“There is no cure for allergic disease. These important initiatives will mean more timely, accurate diagnoses and optimal, ongoing care of Australians with allergic disease. It will mean a reduction in misdiagnosis and unnecessary prescriptions and investigations and, most importantly, a reduction in allergic reactions and improved emergency treatment when they do happen, potentially saving lives,” said Dr. Loh.

According to Maria Said, Co-chair of the National Allergy Strategy and President of Allergy & Anaphylaxis Australia, Australia has one of the highest rates of food allergy in the world with hospital admissions for severe allergic reactions increasing four-fold in the last 20 years [3].

“We’re seeing delayed access to medical care and long waiting times for the management of allergic diseases and this is a major problem,” commented Ms. Said. “Compounding this, we have an ever-escalating number of diagnosed patients and a relatively low number of appropriately trained health care professionals to treat them.”

The National Allergy Strategy will meet these challenges head on with broad reaching education programs aimed specifically toward upskilling health professionals, consumers with allergic disease and those working in the food service sector.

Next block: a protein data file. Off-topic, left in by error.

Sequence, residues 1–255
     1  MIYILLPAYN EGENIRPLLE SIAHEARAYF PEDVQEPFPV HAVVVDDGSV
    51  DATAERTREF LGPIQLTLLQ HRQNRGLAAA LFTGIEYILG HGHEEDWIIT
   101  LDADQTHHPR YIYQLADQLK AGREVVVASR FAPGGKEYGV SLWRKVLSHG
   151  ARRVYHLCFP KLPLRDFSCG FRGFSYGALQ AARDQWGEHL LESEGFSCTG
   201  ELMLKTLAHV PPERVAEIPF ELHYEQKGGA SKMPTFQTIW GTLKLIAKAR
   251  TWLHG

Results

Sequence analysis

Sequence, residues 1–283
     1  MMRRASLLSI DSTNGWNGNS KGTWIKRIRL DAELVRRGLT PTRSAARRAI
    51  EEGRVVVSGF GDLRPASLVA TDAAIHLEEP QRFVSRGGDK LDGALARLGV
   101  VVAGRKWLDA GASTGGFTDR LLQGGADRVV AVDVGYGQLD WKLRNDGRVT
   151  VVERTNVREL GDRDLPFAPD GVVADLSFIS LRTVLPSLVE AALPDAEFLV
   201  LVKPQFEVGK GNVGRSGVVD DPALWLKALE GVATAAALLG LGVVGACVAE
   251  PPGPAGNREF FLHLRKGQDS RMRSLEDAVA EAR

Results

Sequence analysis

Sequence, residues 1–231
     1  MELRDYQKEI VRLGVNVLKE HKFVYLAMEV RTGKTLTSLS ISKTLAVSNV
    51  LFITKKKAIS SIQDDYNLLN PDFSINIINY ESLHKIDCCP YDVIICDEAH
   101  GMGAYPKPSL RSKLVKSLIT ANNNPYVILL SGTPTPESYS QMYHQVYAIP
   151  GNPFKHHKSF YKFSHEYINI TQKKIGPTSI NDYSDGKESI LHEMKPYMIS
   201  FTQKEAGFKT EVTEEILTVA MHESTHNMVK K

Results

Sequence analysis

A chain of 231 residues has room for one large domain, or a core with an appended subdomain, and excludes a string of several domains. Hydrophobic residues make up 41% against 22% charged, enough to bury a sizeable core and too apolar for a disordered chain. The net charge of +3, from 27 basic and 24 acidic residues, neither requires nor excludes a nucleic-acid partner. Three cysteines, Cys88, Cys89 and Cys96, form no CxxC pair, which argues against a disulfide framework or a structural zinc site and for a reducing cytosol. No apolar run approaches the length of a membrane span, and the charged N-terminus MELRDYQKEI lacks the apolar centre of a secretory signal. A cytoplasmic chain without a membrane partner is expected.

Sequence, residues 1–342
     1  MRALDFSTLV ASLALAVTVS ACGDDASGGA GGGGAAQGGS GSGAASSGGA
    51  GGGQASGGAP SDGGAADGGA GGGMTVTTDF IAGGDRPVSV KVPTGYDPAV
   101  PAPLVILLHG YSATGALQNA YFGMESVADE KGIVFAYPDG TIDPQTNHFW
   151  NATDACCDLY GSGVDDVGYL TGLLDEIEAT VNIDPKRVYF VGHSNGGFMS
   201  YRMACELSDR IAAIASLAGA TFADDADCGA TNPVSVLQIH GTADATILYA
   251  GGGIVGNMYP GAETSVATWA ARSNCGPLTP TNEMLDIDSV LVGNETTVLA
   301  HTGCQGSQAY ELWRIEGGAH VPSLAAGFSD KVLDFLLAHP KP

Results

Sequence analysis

“Eating food outside the home, even in healthcare facilities, is currently a bigger risk than it should be. We need to better educate consumers and better educate food service and healthcare professionals. We have to take on this challenge as a broader community because allergic disease affects communities, not just individuals,” stated Ms. Said.

“The funding announcement is a very welcome acknowledgment of the progress already made within the National Allergy Strategy and we are enormously grateful to Minister Ley,” said Dr. Loh. “This is the first stage implementation of a long-term strategy and we look forward to continuing our work with the federal government and all stakeholders to improve the lives of Australians with allergic disease and those who care for them.”

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  1. Mullins RJ, et al. The economic impact of allergic diseases in Australia: not to be sneezed at. ASCIA/Access Economics Report, November 2007.